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What do you use to *extend the tip* of the caulk gun

mobiledynamics's picture

I think I'm going to have to give it a try, but I need to go into a very tight cut out....and try to fill up at least a 1 1/4" hole with some  uretane caulk (NP1). Not sure if it will hold, but it's at least  15inches of depth so I just plan to use a copper piper and attempt to fit it into the nozzle of the caulk tub and trigger squeeze from there...hoping it works.

 

What's you tactic for something like this...

15" (post #191266, reply #1 of 6)

That's a long ways.

Have sucessfully extended caulk tubes with drinking straws and plastic tubing - never tried copper tubing - that would be handy for you because of rigidity.......

In both cases the caulk tube-to-extension  joint was made with Tyvek seam tape - very stick stuff.

As an aside, the Tyvek seam tape is the best tape I have found for sealing the end of an open caulk tube -- caulk remains usable for at least a couple of months, you will have to re-stab the end of the tube but the "plug" is generally very shallow and clears easily by wasting an ounce or so.

Jim 

Never underestimate the value of a sharp pencil or good light.

As an aside, the Tyvek seam (post #191266, reply #4 of 6)

As an aside, the Tyvek seam tape is the best tape I have found for sealing the end of an open caulk tube -- caulk remains usable for at least a couple of months, you will have to re-stab the end of the tube but the "plug" is generally very shallow and clears easily by wasting an ounce or so.

You're not doing it quite right.  When you seal the tip, fold the tape around the tip loosely, then seal off the sides and pump a small blob of caulk into the area just above the tip.  Then when you remove the seal, most of the cured caulk is outside the tip, in that blob.


Of all the preposterous assumptions of humanity over humanity, nothing exceeds most of the criticisms made on the habits of the poor by the well-housed, well-warmed, and well-fed.  --Herman Melville

Thanks (post #191266, reply #6 of 6)

I'll have to try that!

Jim

Never underestimate the value of a sharp pencil or good light.

1 1/4" x 15" deep? (post #191266, reply #2 of 6)

Are you trying to fill the full 15" of depth?

If so, a better solution would be to pack the hole most of the way with some type of backer rod then caulk the last 1/2" or so.

Or how about using a expanding foam and just caulk the last 1/2"?

 

Terry

It's a 2 1/2 hole filled with (post #191266, reply #3 of 6)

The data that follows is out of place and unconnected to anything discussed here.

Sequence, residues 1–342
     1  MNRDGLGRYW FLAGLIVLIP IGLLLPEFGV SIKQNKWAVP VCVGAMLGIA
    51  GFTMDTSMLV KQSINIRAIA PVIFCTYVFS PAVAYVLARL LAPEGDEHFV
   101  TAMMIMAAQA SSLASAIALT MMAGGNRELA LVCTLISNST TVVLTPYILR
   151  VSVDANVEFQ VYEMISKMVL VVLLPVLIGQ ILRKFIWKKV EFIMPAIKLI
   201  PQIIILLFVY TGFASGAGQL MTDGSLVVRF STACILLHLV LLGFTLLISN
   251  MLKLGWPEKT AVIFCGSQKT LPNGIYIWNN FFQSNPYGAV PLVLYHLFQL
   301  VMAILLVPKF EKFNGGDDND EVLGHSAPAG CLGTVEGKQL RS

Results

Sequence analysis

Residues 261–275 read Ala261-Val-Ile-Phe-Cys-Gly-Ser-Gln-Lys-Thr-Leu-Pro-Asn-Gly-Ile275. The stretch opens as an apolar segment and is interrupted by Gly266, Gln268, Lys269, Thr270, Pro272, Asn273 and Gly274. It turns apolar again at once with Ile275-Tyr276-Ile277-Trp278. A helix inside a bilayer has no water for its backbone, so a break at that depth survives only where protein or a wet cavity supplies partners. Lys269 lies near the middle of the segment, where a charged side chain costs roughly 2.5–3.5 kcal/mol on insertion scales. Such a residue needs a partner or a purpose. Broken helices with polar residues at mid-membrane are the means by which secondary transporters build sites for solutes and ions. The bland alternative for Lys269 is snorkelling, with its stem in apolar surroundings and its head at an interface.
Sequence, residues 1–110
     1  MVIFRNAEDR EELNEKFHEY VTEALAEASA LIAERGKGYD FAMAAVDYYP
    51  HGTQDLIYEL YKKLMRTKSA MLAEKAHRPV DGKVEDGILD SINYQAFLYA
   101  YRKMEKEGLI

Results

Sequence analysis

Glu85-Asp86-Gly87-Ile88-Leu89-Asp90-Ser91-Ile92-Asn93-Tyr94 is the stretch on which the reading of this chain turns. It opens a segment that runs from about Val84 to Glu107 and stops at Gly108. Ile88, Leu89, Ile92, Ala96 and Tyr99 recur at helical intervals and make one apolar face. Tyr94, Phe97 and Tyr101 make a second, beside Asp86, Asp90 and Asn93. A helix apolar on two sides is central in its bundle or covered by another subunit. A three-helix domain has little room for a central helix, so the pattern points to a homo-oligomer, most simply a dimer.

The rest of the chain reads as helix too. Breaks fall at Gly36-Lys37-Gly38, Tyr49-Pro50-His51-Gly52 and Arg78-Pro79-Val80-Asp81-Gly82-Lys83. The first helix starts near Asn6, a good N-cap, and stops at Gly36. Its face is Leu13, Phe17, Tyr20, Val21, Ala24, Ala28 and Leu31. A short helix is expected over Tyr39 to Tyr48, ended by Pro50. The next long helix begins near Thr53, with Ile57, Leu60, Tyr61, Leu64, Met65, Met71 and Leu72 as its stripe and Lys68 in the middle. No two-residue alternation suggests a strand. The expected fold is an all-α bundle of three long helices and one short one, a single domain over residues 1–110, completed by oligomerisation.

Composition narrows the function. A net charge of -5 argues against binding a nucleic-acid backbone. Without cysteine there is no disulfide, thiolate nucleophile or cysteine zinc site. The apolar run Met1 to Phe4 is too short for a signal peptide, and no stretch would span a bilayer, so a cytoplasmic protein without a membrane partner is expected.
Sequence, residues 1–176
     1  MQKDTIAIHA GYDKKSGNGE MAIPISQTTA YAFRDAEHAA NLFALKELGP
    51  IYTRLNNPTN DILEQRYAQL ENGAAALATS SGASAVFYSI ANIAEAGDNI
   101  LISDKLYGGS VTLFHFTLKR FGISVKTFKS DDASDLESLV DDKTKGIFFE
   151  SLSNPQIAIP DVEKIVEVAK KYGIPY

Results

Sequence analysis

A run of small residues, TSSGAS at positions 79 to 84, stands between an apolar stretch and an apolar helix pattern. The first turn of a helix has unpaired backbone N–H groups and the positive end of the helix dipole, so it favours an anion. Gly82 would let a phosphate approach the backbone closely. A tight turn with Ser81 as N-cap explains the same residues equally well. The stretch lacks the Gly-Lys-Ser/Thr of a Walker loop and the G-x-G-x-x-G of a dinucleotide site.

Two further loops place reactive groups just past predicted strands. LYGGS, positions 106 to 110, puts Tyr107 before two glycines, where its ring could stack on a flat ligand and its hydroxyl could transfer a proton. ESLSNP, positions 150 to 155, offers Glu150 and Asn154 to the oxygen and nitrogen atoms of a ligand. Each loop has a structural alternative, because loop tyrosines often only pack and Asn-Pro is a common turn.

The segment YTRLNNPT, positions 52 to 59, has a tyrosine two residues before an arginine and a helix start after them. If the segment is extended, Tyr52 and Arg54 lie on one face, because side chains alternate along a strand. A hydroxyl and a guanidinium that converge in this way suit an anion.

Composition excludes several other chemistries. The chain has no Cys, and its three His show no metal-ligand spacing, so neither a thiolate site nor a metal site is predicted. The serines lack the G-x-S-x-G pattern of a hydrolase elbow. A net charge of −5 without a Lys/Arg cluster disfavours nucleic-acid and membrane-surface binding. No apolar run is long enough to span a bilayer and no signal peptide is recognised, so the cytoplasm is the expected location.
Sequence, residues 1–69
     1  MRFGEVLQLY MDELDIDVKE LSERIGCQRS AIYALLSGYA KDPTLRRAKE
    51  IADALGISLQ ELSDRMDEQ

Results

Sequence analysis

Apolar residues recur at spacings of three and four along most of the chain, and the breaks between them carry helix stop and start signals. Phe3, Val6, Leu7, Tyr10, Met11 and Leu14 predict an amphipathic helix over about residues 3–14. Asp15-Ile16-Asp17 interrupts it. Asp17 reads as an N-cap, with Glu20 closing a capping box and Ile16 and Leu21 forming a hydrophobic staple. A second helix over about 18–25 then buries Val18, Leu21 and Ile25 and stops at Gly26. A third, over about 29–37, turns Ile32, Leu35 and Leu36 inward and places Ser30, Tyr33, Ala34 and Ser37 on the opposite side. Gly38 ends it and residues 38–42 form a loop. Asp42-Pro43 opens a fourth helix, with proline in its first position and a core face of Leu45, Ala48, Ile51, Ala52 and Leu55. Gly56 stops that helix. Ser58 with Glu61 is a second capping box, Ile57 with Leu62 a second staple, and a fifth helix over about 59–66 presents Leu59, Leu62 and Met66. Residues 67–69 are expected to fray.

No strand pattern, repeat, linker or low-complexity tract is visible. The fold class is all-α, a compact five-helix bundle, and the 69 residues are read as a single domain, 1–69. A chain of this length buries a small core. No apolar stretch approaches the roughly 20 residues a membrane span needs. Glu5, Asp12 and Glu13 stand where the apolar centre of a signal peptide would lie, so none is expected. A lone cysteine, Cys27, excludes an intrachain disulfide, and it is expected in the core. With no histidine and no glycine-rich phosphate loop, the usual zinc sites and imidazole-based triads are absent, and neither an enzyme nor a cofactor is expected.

It's a 2 1/2 hole filled with electrical control cable, condensate line and HVAC linesets with insulation...


The goal is to just *seal* the hole from weather and bugs...
 When you look at it from the outside of the hole, due to how the copper takes a bend with the insulation, it appears to be failry snug. However, when looking at the hole from the interior cutout, there is definately sunlight, and room in the 2 1/2" hole.


My plan is to 1st fill the brick portion of the hole with NP1. Then the cinderblock which I am still debating...probably will either pack it with (duct putty) or jam backer rod and then caulk the enterior end.

 

I plan to shoot some of the low expanding foam and see how good or bad this stuff if (Hilti gun with their 812 foam). The last time I used expanding foam, it was the Greatstuff about 10 years ago, and it was quite a BEAR to remove or cut. This was not their Low Expanding Foam. If I was to use foam, it would need to have some give, bearing the fact that there is hvac and electrical lines in the hole...

I plan to shoot some of the (post #191266, reply #5 of 6)

I plan to shoot some of the low expanding foam and see how good or bad this stuff if (Hilti gun with their 812 foam). The last time I used expanding foam, it was the Greatstuff about 10 years ago, and it was quite a BEAR to remove or cut.

Lemme get this straight -- you don't like foam because it's a bear to remove, but you're going to fill a hole to a depth of 15" with caulk??


Of all the preposterous assumptions of humanity over humanity, nothing exceeds most of the criticisms made on the habits of the poor by the well-housed, well-warmed, and well-fed.  --Herman Melville